|Publication number||US5446261 A|
|Application number||US 08/148,451|
|Publication date||Aug 29, 1995|
|Filing date||Oct 26, 1993|
|Priority date||Oct 26, 1993|
|Publication number||08148451, 148451, US 5446261 A, US 5446261A, US-A-5446261, US5446261 A, US5446261A|
|Inventors||Bernardo Hernandez, Raymond R. Horton, Michael J. Palmer, Ismail C. Noyan, Frederick G. Weindelmayer|
|Original Assignee||International Business Machines Corporation|
|Export Citation||BiBTeX, EndNote, RefMan|
|Patent Citations (5), Referenced by (5), Classifications (9), Legal Events (5)|
|External Links: USPTO, USPTO Assignment, Espacenet|
This invention relates to an improved system of solder application. More particularly, the invention provides an improved technique whereby a substantially uniform amount of solder is deposited on each pad.
Solder application tools are well known in the prior art. In their least complex form, as illustrated in FIG. 1, the tool is comprised of a soldering tip (1) which is heated above the melting point of the solder. The soldering tip is held against, or near, the surface on which the solder is to be deposited (5). The solder, generally in wire form, (3) is placed against the soldering tip. The solder heats, and melts, running down the tip,and forming a meniscus (7). The meniscus is then brought in contact with the surface (5).
Somewhat more complex solder tools have heated reservoirs for the solder. These tools have nozzles through which the molten solder flows and which can be used to direct the solder deposit. An early form of such a soldering application tool can be found in U.S. Pat. No. 2,380,138, Abramson, "Solderer or Lead Tool." A somewhat later and more complex version is described in U.S. Pat. No. 4,934,309, Ledermann et al, "Solder Deposition System."
In applications such as the fabrication of computer modules, in which very precise soldering (on the order 0.002 inch wide pads on 0.004 inch centers) is required, it is critical that the solder tip of the tool be a specific distance from the pads (or surfaces to be coated) when the solder meniscus contacts and delivers solder to these pads. If the meniscus is too far from the surface to be soldered, the solder coating may not be even or too little solder may be deposited to ensure an adequate joint. If the meniscus is too close to the surface, too much solder may be deposited and it may flow in unwanted directions causing pad bridging.
In ordinary operation, as a natural result of gravity, each pad removes a finite amount of solder from the tip of the meniscus. This reduces the volume of solder at the point of contact, so that the solder meniscus will no longer be at the correct distance, will no longer contact the pads, and will not coat them sufficiently for adequate joins.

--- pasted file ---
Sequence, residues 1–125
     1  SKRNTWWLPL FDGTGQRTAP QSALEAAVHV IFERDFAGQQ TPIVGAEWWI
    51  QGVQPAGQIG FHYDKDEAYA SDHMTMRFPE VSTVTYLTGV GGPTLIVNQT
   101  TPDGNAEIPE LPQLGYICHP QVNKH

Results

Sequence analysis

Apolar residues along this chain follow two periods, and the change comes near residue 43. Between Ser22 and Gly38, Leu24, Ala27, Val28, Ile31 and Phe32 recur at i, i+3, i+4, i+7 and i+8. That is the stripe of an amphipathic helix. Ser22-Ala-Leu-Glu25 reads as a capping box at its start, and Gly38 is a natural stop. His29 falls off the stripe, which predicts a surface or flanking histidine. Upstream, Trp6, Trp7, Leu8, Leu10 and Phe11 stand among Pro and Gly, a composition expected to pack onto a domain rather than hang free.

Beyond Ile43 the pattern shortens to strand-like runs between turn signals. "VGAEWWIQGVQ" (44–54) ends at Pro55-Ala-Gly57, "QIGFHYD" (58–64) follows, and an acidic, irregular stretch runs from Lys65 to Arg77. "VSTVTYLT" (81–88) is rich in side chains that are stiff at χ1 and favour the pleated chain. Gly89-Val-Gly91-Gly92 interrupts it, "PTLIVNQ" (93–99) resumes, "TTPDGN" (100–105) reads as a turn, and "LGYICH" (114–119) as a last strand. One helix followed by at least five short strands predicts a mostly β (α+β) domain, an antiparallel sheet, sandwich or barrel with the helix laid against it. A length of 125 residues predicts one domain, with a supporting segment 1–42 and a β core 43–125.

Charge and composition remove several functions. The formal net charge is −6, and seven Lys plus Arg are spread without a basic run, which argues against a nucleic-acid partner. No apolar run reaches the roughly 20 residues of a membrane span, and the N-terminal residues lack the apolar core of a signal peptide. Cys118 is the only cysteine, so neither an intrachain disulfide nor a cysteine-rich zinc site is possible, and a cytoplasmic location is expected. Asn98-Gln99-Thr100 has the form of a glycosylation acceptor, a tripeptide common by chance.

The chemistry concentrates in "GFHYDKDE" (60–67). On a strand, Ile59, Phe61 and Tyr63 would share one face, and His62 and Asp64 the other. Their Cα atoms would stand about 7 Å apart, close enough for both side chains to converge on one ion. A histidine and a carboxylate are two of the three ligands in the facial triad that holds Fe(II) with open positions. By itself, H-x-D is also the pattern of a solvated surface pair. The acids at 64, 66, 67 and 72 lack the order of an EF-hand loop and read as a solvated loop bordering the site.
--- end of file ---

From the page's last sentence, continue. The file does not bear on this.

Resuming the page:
As a result, in prior art, considerable effort was expended in trying to compensate for the change in the volume of solder. Since part of the problem would be solved by providing an equal, constant amount of solder (essentially an "infinite" supply) during the soldering process, many of these efforts in the prior art concentrated on providing a reliable solder feed mechanism. Examples of this approach can be found in commercially available solder application tools such as the IBM Solderfoot™ (Trademark International Business Machines Corporation) or the Apollo Seiko Automatic Soldering Unit (Digital Apoauto Model). Generally, these tools use complex solder feed mechanisms and, as a result, are both costly and have a relatively large number of parts that are subject to malfunction.
Accordingly, it is an objective of the invention to provide an improved solder application tool.
It is a further objective of the invention to provide a relatively infinite and constant volume of molten solder at the tip of a soldering iron to ensure that a sufficient and uniform coating of solder is supplied to the pads.
It is a further objective of the invention to provide an improved solder application tool without significantly adding to the complexity or cost of the tool.
These and other objectives of this invention are accomplished by means of a tool which overcomes the effect of gravitational forces and supplies a large molten solder sphere of constant size at the tip of the tool. The tool comprises of a standard solder application tool in which a spring has been welded to the free end of the soldering iron tip, so that the central axis of the spring is substantially aligned with the central axis of the soldering tip. The spring is a compression spring of solder wettable materials. When the solder is brought in contact with the spring, it flows down the coils and forms a meniscus at the base of the spring. The increased surface area of spring wire diameter and coils allows the increased surface tension of the meniscus to act to overcome the gravitational forces acting on the molten solder mass and ensures a more even flow of solder to the pad, situated on the surface of a work piece, on which the solder is to be deposited.